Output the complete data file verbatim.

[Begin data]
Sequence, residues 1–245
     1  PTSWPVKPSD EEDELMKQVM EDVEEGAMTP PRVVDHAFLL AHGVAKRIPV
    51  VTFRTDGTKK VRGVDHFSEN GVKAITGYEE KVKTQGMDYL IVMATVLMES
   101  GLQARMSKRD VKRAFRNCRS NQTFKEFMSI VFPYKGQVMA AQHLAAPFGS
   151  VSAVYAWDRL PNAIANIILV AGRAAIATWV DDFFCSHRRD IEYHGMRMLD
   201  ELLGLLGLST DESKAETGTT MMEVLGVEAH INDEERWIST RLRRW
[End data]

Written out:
Sequence, residues 1–245
     1  PTSWPVKPSD EEDELMKQVM EDVEEGAMTP PRVVDHAFLL AHGVAKRIPV
    51  VTFRTDGTKK VRGVDHFSEN GVKAITGYEE KVKTQGMDYL IVMATVLMES
   101  GLQARMSKRD VKRAFRNCRS NQTFKEFMSI VFPYKGQVMA AQHLAAPFGS
   151  VSAVYAWDRL PNAIANIILV AGRAAIATWV DDFFCSHRRD IEYHGMRMLD
   201  ELLGLLGLST DESKAETGTT MMEVLGVEAH INDEERWIST RLRRW